Expert Music Career Advice For DIY Musicians
4 Times You Shouldn't Take the Gig
The Number One Mistake Bands Make Right After Booking a Gig
The Ultimate EQ Cheat Sheet for Every Common Instrument
15 Reality Checks Young Artists Need to Hear

7 Things You Need to Send Along With Your Band's Press Photo

Image via Shutterstock

Everybody knows that having great images in every article about your band is good for your career. Plenty has already been said about what makes for a compelling live shot or a particularly stunning portrait, but not many people talk about the information that people need before they publish a photograph. There’s a lot more than just the artist’s moniker that goes into a caption.

Trust me, as someone who's written about musicians for a while now, it's extremely annoying to be ready to post a story or send off to an editor, only to realize that some detail was left out by a band’s manager or publicist. Please include all of this information along with any photo you and your team send for publications to use, as these details will make everyone's life and job much easier from the start.

5 of the Worst Ways to Get a Music Journalist's Attention

Image via Shutterstock

Getting the attention of music journalists is a struggle for almost everybody in the industry, no matter how popular the artist. There are only so many outlets and so many writers, and there are hundreds of thousands of people trying to get them to listen to their latest creations.

It’s tough, but to those thinking they should do whatever it takes to grab even just a fraction of someone’s attention: think again. There are bad ideas and terrible ways to reach out to writers, and while you may think they’ll give you an advantage, they probably won’t, and they may hurt your chances instead.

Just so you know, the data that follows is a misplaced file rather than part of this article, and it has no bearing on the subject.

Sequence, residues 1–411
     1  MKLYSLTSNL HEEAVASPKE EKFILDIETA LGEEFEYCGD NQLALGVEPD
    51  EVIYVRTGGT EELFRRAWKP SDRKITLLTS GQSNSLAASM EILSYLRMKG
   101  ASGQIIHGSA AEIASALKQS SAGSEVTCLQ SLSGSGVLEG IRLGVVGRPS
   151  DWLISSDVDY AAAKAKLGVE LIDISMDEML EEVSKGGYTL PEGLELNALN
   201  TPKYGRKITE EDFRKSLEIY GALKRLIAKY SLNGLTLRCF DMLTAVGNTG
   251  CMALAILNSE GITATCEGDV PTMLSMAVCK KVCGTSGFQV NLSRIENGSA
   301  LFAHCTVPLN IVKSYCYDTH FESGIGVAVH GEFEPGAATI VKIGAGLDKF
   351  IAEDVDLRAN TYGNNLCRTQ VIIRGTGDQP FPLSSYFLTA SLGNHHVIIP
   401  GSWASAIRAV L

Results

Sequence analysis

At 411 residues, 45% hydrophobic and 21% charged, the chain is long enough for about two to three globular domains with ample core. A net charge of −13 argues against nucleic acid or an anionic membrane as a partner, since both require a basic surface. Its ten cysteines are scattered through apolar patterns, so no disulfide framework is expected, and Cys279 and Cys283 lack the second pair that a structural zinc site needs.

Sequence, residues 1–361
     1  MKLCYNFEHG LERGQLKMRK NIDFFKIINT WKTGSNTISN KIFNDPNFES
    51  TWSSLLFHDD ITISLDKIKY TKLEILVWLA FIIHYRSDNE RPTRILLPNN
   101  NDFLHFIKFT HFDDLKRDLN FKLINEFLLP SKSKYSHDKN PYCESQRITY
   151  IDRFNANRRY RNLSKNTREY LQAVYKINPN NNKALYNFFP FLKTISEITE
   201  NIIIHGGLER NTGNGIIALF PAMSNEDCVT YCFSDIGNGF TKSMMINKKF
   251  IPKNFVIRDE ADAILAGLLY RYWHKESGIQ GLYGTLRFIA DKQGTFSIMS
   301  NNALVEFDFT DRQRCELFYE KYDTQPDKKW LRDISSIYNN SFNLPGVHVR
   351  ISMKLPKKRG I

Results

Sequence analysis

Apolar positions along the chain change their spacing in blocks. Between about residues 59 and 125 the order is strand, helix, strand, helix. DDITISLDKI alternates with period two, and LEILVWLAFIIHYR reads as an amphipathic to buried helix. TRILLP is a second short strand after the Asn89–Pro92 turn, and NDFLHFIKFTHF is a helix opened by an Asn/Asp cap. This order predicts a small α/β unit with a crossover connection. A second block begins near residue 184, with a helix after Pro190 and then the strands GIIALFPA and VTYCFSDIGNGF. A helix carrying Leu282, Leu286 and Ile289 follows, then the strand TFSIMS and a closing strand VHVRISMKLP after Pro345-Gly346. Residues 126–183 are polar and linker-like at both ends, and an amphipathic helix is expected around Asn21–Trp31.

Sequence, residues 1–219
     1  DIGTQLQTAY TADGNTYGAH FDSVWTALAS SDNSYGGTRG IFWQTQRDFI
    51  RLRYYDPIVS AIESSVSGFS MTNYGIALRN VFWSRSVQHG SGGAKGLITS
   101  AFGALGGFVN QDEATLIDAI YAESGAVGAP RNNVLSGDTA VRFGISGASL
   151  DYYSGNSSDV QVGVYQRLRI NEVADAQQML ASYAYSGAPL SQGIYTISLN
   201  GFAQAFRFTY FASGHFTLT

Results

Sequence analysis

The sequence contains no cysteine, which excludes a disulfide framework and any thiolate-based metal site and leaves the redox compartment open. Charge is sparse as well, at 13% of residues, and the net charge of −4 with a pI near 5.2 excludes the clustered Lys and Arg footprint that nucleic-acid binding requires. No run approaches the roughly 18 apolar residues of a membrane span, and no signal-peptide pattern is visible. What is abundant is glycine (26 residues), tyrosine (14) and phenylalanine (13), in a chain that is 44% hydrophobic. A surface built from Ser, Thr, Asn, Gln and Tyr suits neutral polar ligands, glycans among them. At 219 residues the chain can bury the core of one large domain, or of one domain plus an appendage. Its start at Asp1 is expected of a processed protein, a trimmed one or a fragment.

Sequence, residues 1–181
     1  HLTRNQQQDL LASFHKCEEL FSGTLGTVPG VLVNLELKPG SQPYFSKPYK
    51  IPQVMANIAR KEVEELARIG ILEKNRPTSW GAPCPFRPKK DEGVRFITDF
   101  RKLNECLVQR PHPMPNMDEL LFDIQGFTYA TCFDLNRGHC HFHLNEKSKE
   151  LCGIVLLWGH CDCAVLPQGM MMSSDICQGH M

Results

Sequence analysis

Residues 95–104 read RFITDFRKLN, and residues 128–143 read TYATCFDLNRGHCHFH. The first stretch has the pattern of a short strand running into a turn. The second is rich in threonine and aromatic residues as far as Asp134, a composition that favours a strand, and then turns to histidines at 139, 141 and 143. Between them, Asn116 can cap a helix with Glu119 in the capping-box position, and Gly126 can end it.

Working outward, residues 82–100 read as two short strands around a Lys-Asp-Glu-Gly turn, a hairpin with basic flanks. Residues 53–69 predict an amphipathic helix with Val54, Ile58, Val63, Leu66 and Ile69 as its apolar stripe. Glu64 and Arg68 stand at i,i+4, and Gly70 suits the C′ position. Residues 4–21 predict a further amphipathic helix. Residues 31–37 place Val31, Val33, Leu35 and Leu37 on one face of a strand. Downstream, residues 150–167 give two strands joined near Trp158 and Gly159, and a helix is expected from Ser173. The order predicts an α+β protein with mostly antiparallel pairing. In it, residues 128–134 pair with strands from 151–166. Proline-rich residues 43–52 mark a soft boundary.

Here Are 5 Way More Interesting Things You Can Pitch to Music Blogs

Image via Shutterstock

If you’re disappointed that you aren’t getting a lot of attention from blogs, magazines, and other outlets despite your pitching efforts, think about what you're trying to get. Keep in mind that these places are pitched every day with thousands of people begging for interviews, reviews, and general features.

It’s fine to ask for these, but it’s difficult to stand out. Writers and editors only have so much time, and when everyone is requesting the same things (or worse, nothing in particular, just “coverage”), it all blends together.

Why not try telling these publications that you’re willing to go out of your way to try something totally different? The effort will be appreciated, as will the options you put out there. Here are a few alternative ideas that might make you much more interesting to the outlets you’ve been reaching out to.

How to Get Your Music Featured on Bandcamp

Image via stocksnap.io

Editorial at Bandcamp has been a thing since 2013, but right now the focus on (and following of) their content is sharper than ever. For the unfamiliar, music criticism isn't their bag; the mission instead is to spotlight the best of the hundreds of thousands of bands and artists on the platform.

The qualifying criteria aren't cut and dried, of course. There's no fixed formula for getting your music featured on Bandcamp, and that's actually a good thing.

Bands: You Should Have These 7 Things Ready to Go the Moment a Writer Asks

Image via Shutterstock

Whenever you get the attention of someone in the media, it’s as if lightning has struck. So many writers are flooded with music and are busier than ever, so if you do manage to get someone to listen to your work and they deem it good enough to write about, make sure you're ready for them and for this opportunity.

That means having all your ducks in a row before you even approach anybody. What does “having all your ducks in a row” look like in this situation? In my opinion as a music writer, it means that you've sent me everything I will need in order to post something excellent about you, your band, and the music you’ve just released.